As for Blazers head coach Terry Stotts, he was trying not to jump to any conclusions.

“X-Rays are negative. He’s gonna get an MRI. It’s a leg injury and we’ll see how it is,” Stotts told reporters after the game.

“Anytime a guy goes down, you’re worried. We’ll see what the tests show,” Stotts added.

McCollum did fly back with the team on Saturday night. He will undergo an MRI back in Portland on Sunday.

Stotts was able to talk with McCollum immediately after the game for a brief moment and Stotts let the media know, “obviously, he’s upset, disappointed, but, we’ll see what the tests show.”

 In the locker room, McCollum gave his own description of what happened on the play:

“I went up for a lay-up, a left-handed lay-up, and the big fella blocked it, I landed on my foot, kinda trapped my foot on the ground. I felt my knee kind of twist, some pain,” McCollum told reporters in the locker room postgame.

Besides the X-rays being negative and McCollum not hearing any type of popping sound when he went down, he admitted he does not have much more information than that.

One thing is certain in McCollum’s mind, though…

He did not break his foot again.

“I’ve broken my foot, so I know what that feels like, so it’s not my foot. It’s definitely around my knee, but I don’t know the extent of it, I don’t know if it’s lateral… I just know that it’s not normal,” McCollum said.

McCollum was still in pain and had some “discomfort in certain areas” in his left knee after getting the X-rays done and after the game concluded. He told reporters “it hurts,” and added:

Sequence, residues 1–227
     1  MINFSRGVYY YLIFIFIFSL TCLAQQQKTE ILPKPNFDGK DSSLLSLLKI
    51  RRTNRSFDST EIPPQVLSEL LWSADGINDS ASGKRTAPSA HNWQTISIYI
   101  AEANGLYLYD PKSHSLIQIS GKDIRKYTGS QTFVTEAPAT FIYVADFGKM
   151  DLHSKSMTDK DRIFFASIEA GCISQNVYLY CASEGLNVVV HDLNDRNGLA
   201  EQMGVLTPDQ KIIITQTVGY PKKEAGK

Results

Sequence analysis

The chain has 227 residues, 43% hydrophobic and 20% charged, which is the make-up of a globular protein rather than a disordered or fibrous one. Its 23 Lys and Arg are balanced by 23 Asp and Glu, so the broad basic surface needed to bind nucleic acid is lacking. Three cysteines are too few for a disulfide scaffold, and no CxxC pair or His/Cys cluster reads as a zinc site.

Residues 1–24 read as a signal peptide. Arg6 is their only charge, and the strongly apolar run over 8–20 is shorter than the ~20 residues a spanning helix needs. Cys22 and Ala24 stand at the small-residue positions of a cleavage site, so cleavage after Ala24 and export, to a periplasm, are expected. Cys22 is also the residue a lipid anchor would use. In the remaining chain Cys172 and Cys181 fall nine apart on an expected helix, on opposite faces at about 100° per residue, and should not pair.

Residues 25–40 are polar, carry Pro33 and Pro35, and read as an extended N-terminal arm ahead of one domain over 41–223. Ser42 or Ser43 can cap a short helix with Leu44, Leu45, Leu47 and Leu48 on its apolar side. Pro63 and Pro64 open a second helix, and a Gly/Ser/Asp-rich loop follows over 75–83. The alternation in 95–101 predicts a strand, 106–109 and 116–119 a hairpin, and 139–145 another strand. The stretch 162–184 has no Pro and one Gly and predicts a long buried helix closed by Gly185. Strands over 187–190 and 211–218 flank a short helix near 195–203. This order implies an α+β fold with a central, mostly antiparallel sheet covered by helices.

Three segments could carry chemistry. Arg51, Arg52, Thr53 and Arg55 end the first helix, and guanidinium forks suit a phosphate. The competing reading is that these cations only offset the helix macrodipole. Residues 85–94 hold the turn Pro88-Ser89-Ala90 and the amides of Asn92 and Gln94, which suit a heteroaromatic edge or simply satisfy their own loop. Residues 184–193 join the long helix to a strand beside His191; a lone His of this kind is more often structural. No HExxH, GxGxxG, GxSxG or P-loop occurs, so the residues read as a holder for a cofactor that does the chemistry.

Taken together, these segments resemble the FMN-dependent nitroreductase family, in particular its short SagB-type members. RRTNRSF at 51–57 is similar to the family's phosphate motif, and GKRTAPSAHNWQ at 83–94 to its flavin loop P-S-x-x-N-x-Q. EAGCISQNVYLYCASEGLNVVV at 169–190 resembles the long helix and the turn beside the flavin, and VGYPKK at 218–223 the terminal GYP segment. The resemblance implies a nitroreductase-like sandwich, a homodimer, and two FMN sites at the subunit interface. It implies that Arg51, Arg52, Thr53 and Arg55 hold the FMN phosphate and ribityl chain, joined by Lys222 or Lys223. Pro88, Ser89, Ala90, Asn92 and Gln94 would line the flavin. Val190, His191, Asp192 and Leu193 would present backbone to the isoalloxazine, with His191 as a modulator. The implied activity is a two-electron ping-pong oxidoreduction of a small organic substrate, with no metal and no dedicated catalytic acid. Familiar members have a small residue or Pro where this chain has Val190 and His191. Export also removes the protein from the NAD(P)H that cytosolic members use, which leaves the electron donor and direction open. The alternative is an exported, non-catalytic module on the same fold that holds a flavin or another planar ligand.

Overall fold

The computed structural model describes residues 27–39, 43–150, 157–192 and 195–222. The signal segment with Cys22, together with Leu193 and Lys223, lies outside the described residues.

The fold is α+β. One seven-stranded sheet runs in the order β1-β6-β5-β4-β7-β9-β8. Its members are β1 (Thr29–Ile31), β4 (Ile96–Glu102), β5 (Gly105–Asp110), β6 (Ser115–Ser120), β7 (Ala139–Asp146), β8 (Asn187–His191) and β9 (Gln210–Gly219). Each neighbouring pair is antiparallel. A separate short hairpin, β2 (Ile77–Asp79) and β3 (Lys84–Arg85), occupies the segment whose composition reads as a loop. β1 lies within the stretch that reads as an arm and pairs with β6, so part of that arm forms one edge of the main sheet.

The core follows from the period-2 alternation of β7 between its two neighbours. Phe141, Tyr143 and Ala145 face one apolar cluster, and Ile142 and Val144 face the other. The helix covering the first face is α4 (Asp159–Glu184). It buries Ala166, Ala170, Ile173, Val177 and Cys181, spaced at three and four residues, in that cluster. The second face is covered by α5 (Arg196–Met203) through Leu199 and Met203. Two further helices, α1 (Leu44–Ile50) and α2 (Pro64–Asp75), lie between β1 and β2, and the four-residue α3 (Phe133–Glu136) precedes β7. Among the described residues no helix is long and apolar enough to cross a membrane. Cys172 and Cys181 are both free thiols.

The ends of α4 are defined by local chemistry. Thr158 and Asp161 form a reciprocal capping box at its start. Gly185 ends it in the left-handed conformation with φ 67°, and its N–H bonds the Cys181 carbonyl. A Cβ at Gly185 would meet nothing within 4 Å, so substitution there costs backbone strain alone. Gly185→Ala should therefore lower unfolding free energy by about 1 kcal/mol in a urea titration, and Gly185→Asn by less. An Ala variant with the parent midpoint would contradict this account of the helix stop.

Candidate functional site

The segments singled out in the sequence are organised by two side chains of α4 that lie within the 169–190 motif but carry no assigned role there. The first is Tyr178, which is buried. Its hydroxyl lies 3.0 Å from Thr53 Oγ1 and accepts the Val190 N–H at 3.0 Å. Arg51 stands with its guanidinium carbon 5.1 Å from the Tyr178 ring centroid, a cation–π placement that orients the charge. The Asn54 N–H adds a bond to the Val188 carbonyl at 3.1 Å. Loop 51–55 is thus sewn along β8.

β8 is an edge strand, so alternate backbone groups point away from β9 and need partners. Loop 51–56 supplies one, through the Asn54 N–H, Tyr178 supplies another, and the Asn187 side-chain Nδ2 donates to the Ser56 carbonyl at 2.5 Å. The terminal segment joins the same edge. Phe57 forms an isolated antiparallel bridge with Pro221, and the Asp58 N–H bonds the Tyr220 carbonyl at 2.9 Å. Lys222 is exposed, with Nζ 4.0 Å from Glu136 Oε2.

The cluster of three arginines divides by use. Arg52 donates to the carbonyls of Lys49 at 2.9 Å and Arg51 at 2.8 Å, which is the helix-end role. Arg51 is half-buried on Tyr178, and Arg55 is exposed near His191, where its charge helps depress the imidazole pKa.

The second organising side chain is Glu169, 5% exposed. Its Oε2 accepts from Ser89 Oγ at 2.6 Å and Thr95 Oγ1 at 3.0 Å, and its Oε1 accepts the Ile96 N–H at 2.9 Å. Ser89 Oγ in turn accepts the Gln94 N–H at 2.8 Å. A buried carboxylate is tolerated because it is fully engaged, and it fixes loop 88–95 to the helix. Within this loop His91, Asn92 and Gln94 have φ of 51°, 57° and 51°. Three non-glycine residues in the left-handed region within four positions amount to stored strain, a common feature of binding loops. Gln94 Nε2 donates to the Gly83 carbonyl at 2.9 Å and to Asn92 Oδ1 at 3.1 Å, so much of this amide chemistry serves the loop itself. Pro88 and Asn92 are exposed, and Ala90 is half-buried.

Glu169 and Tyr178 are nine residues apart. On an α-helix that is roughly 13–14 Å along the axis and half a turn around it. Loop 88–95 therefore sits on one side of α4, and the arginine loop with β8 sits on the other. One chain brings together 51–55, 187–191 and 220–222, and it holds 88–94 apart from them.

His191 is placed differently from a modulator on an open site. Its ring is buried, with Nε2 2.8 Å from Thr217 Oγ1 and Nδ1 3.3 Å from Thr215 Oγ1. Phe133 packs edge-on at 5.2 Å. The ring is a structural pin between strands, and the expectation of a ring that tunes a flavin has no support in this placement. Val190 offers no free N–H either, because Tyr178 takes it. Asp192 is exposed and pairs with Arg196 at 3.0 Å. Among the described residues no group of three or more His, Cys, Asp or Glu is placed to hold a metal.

“You never want to get hurt, not ever, especially at this point in the season.”

As you would expect, McCollum’s running mate, Damian Lillard, had a somber tone when talking about McCollum’s injury after the game.

“Once I saw him stay down, I knew that he was really hurt, that was my biggest concern- just seeing him stay down, because usually he would get up and try to play or get up and try to walk it off, but he was down, so… Hopefully he’ll be alright,” Lillard said. 

Lillard also told reporters, “I think first, you’re concerned about his health as a person, you know, beyond the game, you never want to see that happen and then he’s so big for our team that you just get concerned for that, too.”

Now as all of Rip City holds its breath, it’s time for the waiting game.

“We’ll see how the injury is and we’ll adjust after that. You know, I don’t want to make any assumptions until we know how CJ is,” Stotts said.

“Nothing, I can do about it, but rehab and see what they say,” McCollum added.

Rapid Reaction: 3 Quick Takeaways from the Trail Blazers loss to the San Antonio Spurs

Rapid Reaction: 3 Quick Takeaways from the Trail Blazers loss to the San Antonio Spurs

Saturday night marked the fourth and final meeting of the regular season between the Trail Blazers and Spurs this season. Portland was looking to snap the Spurs’ seven-game winning streak.  

It was a close game throughout, but San Antonio prevailed with a 108-103 win. The Blazers finish the road trip, 3-0.
Portland didn’t just lose the game though, the Blazers also lost CJ McCollum to a left leg injury.
Final Box Score: Spurs 108, Trail Blazers 103

Here are some quick thoughts from the Blazers loss in San Antonio:

 

1.The Aldridge and DeRozan show early